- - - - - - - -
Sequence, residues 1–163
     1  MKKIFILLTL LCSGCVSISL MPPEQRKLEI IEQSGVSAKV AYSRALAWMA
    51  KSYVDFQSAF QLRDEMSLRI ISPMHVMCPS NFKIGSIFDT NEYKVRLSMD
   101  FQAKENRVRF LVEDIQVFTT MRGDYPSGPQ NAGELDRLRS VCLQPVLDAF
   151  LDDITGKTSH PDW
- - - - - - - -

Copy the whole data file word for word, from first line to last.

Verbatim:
Sequence, residues 1–163
     1  MKKIFILLTL LCSGCVSISL MPPEQRKLEI IEQSGVSAKV AYSRALAWMA
    51  KSYVDFQSAF QLRDEMSLRI ISPMHVMCPS NFKIGSIFDT NEYKVRLSMD
   101  FQAKENRVRF LVEDIQVFTT MRGDYPSGPQ NAGELDRLRS VCLQPVLDAF
   151  LDDITGKTSH PDW